Also, Roth's "Verdienstorden and Albrechtsorden 1914-1918 (p. 202) (Band XI Statistische Ausarbeitungen zur Phaleristik Deutschlands) gives Eugen as Zipper's first name.

Andy

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Rick;

A likely scenario is emerging from the mists of time. The (younger) Zipper, a genuine Hauptmann from 30. 9. 14., comes out to Turkey with his company in July 1915 and promptly falls sick. Having only a minor order from the Turks would not jibe if he led the largest German formation fighting at Gallipoli for a long period of time. Possibly he never made it there. I think on first arriving in Turkey he was immediately taken to the Sultan for an audience. I have heard of 140 course state dinners there; perhaps it was too much. Much younger "younger" Hildemann, actually only a Leutnant (Oberleutnant Patent 18. 10. 15. Ss), is appointed the CO of the company, and his promotion follows soon after. But he was known to my source as the "Hauptmann" in the field, at least over 40 years later, when the source briefly described all this.

Rick, to corroborate this, do you know what Turkish decoration(s) Hildemann received, if any? If of higher order than Zipper's order, the above hypothesis is corroborated.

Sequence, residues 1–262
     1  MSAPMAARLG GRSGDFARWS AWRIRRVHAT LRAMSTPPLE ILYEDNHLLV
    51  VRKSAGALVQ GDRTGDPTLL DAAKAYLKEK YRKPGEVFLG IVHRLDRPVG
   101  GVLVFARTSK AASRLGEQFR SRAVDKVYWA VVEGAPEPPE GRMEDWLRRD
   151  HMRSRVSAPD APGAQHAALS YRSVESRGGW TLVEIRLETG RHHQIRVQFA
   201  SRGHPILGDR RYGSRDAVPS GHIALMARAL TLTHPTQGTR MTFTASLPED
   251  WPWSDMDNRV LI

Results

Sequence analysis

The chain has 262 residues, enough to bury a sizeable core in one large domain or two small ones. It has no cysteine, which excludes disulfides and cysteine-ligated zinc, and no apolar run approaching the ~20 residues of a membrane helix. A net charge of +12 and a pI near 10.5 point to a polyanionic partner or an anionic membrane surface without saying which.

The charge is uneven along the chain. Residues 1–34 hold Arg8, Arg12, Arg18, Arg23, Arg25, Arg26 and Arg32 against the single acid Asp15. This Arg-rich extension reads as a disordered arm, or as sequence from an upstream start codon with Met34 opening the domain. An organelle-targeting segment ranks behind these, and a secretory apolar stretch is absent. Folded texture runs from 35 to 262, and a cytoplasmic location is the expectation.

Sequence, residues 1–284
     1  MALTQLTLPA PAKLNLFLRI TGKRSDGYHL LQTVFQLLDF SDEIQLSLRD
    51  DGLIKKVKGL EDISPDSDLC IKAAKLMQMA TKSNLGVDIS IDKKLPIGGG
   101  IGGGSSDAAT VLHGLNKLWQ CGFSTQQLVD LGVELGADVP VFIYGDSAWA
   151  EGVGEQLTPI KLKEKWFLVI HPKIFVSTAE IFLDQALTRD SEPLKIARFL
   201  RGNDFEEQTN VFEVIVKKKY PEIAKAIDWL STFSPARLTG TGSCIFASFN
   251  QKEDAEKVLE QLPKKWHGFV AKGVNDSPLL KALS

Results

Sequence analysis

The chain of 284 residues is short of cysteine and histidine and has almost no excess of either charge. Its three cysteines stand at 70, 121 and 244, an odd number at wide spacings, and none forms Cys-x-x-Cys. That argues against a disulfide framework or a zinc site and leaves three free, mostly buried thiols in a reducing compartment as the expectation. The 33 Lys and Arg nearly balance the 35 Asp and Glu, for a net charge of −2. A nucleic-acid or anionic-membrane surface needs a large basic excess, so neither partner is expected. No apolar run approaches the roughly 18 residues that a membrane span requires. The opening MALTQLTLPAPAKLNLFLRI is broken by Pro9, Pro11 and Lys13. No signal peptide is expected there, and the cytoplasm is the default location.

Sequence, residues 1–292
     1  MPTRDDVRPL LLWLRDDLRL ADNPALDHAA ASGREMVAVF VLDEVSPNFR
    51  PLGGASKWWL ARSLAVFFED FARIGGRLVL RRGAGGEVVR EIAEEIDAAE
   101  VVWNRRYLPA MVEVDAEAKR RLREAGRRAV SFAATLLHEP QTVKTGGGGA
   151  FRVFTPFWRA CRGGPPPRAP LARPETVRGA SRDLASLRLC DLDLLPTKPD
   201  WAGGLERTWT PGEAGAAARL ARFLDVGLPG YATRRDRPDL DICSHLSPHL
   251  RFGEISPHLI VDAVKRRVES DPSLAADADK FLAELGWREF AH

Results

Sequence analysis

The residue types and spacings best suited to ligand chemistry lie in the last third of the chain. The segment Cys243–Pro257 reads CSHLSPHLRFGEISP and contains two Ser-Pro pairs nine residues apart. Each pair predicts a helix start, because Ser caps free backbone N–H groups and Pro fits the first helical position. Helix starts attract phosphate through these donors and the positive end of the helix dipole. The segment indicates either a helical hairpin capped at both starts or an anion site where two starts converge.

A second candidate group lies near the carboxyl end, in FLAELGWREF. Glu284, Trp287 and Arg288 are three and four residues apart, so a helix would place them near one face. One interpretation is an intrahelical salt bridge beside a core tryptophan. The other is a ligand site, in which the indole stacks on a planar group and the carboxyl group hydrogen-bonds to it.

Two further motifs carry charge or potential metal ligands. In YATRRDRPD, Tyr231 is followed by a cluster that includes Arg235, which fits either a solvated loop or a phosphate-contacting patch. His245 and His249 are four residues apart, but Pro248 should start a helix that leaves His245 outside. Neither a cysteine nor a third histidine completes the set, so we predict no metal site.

Again, thanks for your assistance.

Bob

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Bob,

I think it's a safe assumption that the Hildemanns were father and son. Bradley (Volume 5, p. 430) gives Fritz's date and place of birth as 18.05.1889 in Friedrichsort b. Kiel. My reseach on Julius' career has him in Friedrichsort from 15.07.87-22.10.89 "zur Fortifikation Dienst i. Friedrichsort v. 1. Ing. Insp." That they were both pionier officers further supports that assumptiion.

Also, Roth's "Verdienstorden and Albrechtsorden 1914-1918 (p. 202) (Band XI Statistische Ausarbeitungen zur Phaleristik Deutschlands) gives Eugen as Zipper's first name.

Andy

Andy! many thanks! Yes, I had noticed that the younger and older Hildemanns were stationed in the same town at at least one time, although they were serving in different detachments, sort of the thing that a general father could probably engineer, but also a general uncle. I am finding that the Pionier=Offiziere at Gallipoli were generally well-connected and mostly knew each other, a sign that suggests that the posting to Turkey was a desired posting, not something wished on your worst enemy.

Thanks for your recent guidance to the book-dealers in Austria and Germany. When I finally got to Nuernberg, that classy dealer was closed (only opens on appointment), but I had already bought so many books that I could not carry more. I almost fell over six times at the Philadelphia airport when I returned.

Pardon my ignorance, what is "Bradley"?

Bob